Bulletins and Certificates
Vapor Self-Inspection Handbook
Self inspections can save you money. Help the Environment and improve Customer Satisfaction! This handbook is designed to help you know what the law is and how you can benefit from compliance. Read on, and see how easy it is to improve your working conditions, keep your boss out of trouble and make your customers happy.
Vapor Recovery System
1. Increase your profits
2. Reduce the formulation of lung damaging smog
3. Reduce you cancer risk by decreasing toxic fumes
4. Save 50 million gallons of gasoline per year in California
5. Reduce fire hazards.
6. Reduce gasoline odors.
Violating California Law is VERY COSTLY
The penalties for violating air pollution regulations can be $10,000 per day or more. Plus, your pumps may be locked out of service until they are repaired. Use this handbook to help you inspect your equipment daily to be sure you are in compliance. Remember, the benefits of keeping you equipment in good condition is not simply avoiding penalties,…. but also provides a safer workplace, a healthier environment and greater profits.
Inspect Equipment Daily Repair or Replace Equipment –
When Necessary Teach the Public
The California Air Resources Board is asking for your help to teach the public. When a customer has a problem with the equipment, take time to check it out. In most cases, just by showing the customer the correct way to operate the equipment, the problem can be solved. By inspecting your vapor recovery equipment every day and keeping it in good working condition, you can improve customer satisfaction while cleaning up the air. If you find a problem, remove the equipment from service until you can fix or replace it.
Don’t Top Off! Liquid gasoline will block the line…
When a working nozzle shuts off- The Tank is FULL. The most common cause of blocked vapor lines is customers topping off their gas tank. When a gas tank overfills, gas travels back down the vapor hose and blocks the line. Unless the line is cleared, the next customer will have trouble keeping the nozzle from automatically shutting off while pumping gas. Please warn your customers not to top off their tanks.
Protect Yourself Know the Law!
The air pollution control inspector will visit your station periodically throughout the year to conduct a complete inspection. The inspector will be checking your vapor recovery system to see if it is in good working order. This will include checking all components to see that they are certified and defect free. Also, operating instructions and a toll free pollution control district phone number must be placed in plain view of the general public.
What To Look For….Read on and See!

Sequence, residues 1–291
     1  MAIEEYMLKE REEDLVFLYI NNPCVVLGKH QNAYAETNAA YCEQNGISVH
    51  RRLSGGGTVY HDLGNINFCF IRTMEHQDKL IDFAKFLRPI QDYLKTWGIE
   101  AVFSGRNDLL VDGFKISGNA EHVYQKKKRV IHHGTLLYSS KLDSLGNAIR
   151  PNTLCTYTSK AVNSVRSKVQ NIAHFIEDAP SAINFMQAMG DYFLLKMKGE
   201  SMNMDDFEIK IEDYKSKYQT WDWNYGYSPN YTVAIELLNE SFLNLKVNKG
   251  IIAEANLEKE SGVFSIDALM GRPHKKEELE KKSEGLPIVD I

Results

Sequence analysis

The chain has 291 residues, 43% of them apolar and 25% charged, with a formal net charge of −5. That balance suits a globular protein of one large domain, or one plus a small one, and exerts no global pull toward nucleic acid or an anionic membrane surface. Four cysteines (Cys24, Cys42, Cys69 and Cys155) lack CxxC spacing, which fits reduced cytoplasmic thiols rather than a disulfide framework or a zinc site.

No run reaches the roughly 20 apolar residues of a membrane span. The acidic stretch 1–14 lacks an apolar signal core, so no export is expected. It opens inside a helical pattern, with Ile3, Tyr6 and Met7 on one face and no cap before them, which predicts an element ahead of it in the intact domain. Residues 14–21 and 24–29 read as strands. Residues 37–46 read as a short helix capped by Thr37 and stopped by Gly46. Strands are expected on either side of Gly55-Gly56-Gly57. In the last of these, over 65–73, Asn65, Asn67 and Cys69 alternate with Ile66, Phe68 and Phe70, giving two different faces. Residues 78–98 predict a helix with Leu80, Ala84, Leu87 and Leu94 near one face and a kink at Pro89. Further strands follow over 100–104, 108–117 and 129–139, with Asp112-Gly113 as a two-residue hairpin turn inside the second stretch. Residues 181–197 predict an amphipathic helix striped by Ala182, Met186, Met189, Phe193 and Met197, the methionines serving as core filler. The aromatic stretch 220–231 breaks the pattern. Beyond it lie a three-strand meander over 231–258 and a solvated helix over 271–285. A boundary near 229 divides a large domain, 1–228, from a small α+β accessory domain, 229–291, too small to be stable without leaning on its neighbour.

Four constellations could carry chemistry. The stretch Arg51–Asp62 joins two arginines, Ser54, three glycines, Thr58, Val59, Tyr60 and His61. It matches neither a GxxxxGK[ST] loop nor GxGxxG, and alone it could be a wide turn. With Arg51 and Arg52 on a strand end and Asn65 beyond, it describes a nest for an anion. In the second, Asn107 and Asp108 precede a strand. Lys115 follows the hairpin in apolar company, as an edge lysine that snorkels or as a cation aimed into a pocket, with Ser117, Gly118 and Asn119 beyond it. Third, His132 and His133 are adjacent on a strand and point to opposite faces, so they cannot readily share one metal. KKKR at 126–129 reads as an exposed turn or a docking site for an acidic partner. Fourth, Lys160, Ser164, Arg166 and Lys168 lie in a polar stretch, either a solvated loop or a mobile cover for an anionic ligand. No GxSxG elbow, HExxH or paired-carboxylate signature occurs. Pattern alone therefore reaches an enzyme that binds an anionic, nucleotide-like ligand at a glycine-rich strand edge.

Replace Boots Which Have Triangular Tears
Sometimes customers catch the boot fabric on a sharp object near the gas cap. When this happens the boot fabric can tear in the shape of a triangle. Any tear larger than 1/2 inch on a side of the triangle tear means that the boot must be replaced or repaired. Generally, if you cover the tear with a penny and you can still see the tear, the boot needs to be fixed.
Slit Boots Should Be Replaced
Wear and tear may cause slits to form in the depressions of the boot fabric which will cause a vapor leak. Use your thumbs to separate the ribs of the boot to check for these slits. Replace or repair all boots that have slits one inch or larger. Its a good practice to replace any torn boot.
At Least 3/4 of the Flexible Cone Is Needed
If your vapor recovery system nozzles have flexible cones (assist system), replace any damaged flexible cones. The law requires that at least 3/4 of the flexible cone must be present when used to dispense gasoline. Examine each flexible cone daily to ensure that at least 3/4 of the circle is intact. Remember, it’s best to replace any flexible cone that is damaged or partially missing.
At Least 3/4 of the Faceplate Must Make A Seal
If your vapor recovery system nozzles have faceplates (balance system), replace any damaged or warped faceplates. The law requires that at least 3/4 of the faceplate must make a good seal when used to dispense gasoline. Examine each nozzle faceplate daily to ensure that a good seal will occur and that at least 3/4 of the faceplate is intact. Remember, it’s best to replace any faceplate which does not provide a good seal with the automobile gas tank.
Wire or Clamp Placement Is Critical!
On some vapor recovery nozzles equipped with a faceplate (not a flexible cone) the wire or clamp on the upper portion of the boot attaches the boot snugly to a “check valve” inside. If the wire or clamp is too low, the valve will not open and the nozzle will click off. If the wire or clamp is too high, the valve will stay open and vapors will escape. Always make sure that the wires and clamps are placed properly.